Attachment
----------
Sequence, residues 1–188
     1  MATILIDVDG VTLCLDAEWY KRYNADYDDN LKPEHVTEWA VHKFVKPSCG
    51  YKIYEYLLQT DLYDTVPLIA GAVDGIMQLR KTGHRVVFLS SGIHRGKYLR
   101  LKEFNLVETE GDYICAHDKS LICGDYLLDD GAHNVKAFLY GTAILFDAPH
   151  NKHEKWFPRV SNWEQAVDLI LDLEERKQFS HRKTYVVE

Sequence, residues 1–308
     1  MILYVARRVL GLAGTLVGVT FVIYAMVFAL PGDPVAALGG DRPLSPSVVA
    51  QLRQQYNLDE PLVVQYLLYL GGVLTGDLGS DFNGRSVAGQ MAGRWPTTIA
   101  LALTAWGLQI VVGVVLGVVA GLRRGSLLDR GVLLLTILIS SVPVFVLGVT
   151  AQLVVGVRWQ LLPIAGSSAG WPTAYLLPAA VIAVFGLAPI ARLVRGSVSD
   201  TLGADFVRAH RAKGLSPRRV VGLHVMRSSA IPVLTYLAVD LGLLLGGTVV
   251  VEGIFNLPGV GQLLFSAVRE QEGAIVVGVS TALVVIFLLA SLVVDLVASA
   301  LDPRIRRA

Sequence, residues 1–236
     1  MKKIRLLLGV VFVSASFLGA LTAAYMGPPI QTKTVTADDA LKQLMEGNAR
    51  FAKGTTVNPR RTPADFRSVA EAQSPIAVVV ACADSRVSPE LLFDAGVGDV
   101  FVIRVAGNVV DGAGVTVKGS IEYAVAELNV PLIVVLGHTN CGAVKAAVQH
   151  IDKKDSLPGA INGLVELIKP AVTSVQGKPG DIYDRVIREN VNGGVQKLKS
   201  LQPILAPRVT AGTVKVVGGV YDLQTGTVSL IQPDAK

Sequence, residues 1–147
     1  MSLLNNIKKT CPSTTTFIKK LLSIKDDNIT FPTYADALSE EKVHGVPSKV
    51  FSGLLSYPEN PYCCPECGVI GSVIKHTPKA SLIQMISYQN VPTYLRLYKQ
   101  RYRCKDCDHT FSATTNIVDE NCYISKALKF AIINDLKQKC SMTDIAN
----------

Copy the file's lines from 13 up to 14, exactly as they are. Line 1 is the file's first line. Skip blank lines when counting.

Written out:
   301  LDPRIRRA

Sequence, residues 1–236